The current fashion for talking to the dead started about four years ago. While Europe was in revolt and the Chartists were falling apart, across the Atlantic the veil was lifting. It began in a desolate farmhouse in the Hudson Valley, where the Fox Sisters, Kate and Maggie, struck up a dialogue with an entity that had been nightly tormenting the family by banging on walls, doors and windows. They asked the presence questions which it affirmed or denied by rapping, clearly indicating some sort of intelligence. The girls called it ‘Mr. Splitfoot.’ They said it was the ghost of a murdered peddler.
There were at least five ways home from The Saracen’s Head, and Stan couldn’t think of any of them. He adjusted to the sharp shock of the winter darkness instead, lit a fag, and smoked it savagely as if it had in some way done him greatly wrong. Behind himself, the lights of the pub shut off one by one. Loneliness bit down. Stan Metcalf stoically lit another off the butt of the first. It was late, he was in trouble. Ruby would be waiting.
My dear friend, Colin Phillips, Marxist, Existentialist, cyclist and the last of the ‘Soho Poets,’ died earlier today after a long battle with cancer. This is something like an obituary, although my chronology might be slightly out, so I’ll apologies to friends and family in advance. Anyway, Colin was a proper Cockney, born in Brick Lane to a Quaker family at the start of World War Two; his father was a cabbie and his mother stayed at home.
CURSING and stumbling, Anne and Bannockburn fled blindly from Blackbeard’s fortress in stolen boots. Every step was a symphony of agony, but despite the ravages of their starved and tortured frames, they ran as if the Great Adversary himself was upon their heels, and, given the Stygian dungeon from which they had lately been liberated, who could say he was not? The local inhabitants of the island, they had learned, believed the dreadful pirate Edward Teach to be a demon, and there was no doubt in Bannockburn’s mind that something alien and terrible now possessed the spirit of the already brutal buccaneer. He gripped the hilt of the sword that he had taken from a poisoned guard, along with his boots, and ran on, following the boy who had aided their escape as he crashed through the leathery jungle foliage that concealed paths which, he claimed, were known only to his family.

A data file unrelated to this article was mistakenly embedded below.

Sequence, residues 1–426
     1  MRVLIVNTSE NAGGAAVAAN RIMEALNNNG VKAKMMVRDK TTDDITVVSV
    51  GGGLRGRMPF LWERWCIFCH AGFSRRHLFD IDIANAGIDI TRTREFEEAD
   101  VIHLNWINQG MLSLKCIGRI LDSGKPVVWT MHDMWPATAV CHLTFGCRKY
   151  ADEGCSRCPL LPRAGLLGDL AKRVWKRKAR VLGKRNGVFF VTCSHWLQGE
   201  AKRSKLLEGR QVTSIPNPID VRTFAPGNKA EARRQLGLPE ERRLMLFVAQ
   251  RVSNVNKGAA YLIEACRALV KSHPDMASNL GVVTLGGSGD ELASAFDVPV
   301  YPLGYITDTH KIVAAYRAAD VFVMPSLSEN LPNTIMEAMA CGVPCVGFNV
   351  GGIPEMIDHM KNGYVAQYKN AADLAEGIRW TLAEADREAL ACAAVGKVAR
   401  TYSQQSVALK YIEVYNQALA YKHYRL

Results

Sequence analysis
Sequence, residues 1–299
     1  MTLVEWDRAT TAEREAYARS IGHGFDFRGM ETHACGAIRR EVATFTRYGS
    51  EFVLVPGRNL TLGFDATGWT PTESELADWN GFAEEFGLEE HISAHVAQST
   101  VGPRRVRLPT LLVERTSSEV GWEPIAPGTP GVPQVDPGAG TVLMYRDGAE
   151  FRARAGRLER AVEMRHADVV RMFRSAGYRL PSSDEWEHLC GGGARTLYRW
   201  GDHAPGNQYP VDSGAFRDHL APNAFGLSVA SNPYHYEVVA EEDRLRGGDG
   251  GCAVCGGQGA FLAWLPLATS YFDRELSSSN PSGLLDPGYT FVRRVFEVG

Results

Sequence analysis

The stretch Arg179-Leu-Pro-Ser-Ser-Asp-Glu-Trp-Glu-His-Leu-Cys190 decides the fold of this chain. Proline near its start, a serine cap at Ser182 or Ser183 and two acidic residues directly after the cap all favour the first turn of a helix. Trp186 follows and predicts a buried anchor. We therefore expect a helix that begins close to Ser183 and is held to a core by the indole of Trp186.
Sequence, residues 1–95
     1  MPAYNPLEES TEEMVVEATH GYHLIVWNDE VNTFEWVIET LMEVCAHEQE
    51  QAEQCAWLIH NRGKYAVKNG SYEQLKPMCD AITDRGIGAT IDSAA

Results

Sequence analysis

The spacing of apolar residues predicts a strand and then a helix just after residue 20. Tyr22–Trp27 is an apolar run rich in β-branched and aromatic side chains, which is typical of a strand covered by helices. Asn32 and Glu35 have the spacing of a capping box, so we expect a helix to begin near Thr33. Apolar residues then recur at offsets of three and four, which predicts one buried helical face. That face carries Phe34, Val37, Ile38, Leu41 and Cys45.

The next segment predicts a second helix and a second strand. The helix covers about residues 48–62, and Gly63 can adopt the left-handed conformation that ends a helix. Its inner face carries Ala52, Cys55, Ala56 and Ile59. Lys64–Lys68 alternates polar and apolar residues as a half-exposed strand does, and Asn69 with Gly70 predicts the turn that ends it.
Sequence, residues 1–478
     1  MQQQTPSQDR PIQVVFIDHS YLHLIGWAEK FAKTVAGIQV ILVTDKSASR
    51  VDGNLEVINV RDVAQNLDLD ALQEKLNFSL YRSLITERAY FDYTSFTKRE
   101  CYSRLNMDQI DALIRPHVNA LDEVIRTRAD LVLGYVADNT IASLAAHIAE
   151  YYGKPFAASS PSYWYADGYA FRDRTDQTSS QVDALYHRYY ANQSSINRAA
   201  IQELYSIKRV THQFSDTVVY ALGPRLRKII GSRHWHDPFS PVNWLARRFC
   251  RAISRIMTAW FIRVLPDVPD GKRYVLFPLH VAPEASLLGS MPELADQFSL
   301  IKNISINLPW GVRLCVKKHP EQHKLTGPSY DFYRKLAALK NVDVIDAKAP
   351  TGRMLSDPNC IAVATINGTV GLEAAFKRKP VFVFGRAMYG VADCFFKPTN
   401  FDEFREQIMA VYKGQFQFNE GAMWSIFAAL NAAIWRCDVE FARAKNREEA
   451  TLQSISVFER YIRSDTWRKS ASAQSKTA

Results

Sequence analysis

I have been riding – and in some cases dropping – motorcycles for well over half my life. I got my first bike when I was fifteen in 1979 (a battered Honda CB 125), and I’ve owned at least two ever since, resolutely hanging on to a 650cc BSA I’ve had since I was eighteen. I presently own a Harley Sportster, an ex-cop BMW, and I still have the BSA. I’ve never bothered to learn to drive a car.
Largely because of a popular fascination with the occult, The Lancashire Witches is the only one of Ainsworth’s novels to have remained consistently in print to this day, often shelved alongside the work of Dennis Wheatley and Montague Summers (both of whom it undoubtedly influenced). The novel is also one of the mainstays of the Pennine tourist industry, and at time of writing, it is still available in many local museums, railway stations and gift shops. As the Dick Turpin narrative of Rookwood seamlessly passed into the national myth, Ainsworth’s romance of Pendle Forest has supplanted the unusually well-documented history of these unfortunate men and women in Lancashire folklore. This ‘classic tale of the supernatural’ (1) although generally overlooked by scholars of the gothic, therefore continues to exist quietly both as a popular cultural curio and, rather more erroneously, in an extra-literary sense as a genuine history.
‘The Soldier’ by Brooke is an instantly recognisable poem. It is one of a collection of sonnets written early in the war, collected under the title of 1914 & Other Poems. These achieved popular acclaim after The Times Literary Supplement printed two in full in the spring of 1915, ‘IV: The Dead’ and ‘V: The Soldier.’ The latter was subsequently read from the pulpit of St. Paul’s Cathedral on Easter Sunday. These poems were composed before the poet reached the Front and had an opportunity to witness the horror of industrial warfare. The language is romantic, in the literary sense of the term, idealistic and patriotic, with much repetition of ‘England.’
As you don’t need me to tell you, today’s the 72nd anniversary of D-Day and the commencement of Operation Overlord, the largest seaborne invasion in history and the beginning of the liberation of Europe from Nazi Germany. 160,000 British, American and Canadian troops crossed the English Channel that day, with 10,000 killed, missing or wounded by nightfall. And in the middle of all that, aged twenty-nine, was my dad, Walter William ‘Wally’ Carver, a Corporal in the Pioneers.
So this is how the big project first began, as an interior monologue that came to me quite spontaneously while I was still living in Japan, just over ten years ago. This was the voice of a soldier in the water after the Birkenhead went down on February 26, 1852, off Danger Point, a Victorian naval disaster that had fascinated me since I’d first come across the story as a student in the late-90s. It’s rough, but you can see the premise quite clearly. After writing two incomplete versions of the manuscript with the protagonist a soldier from the ranks, the first Irish, the second English, I realised he needed to be a journalist instead…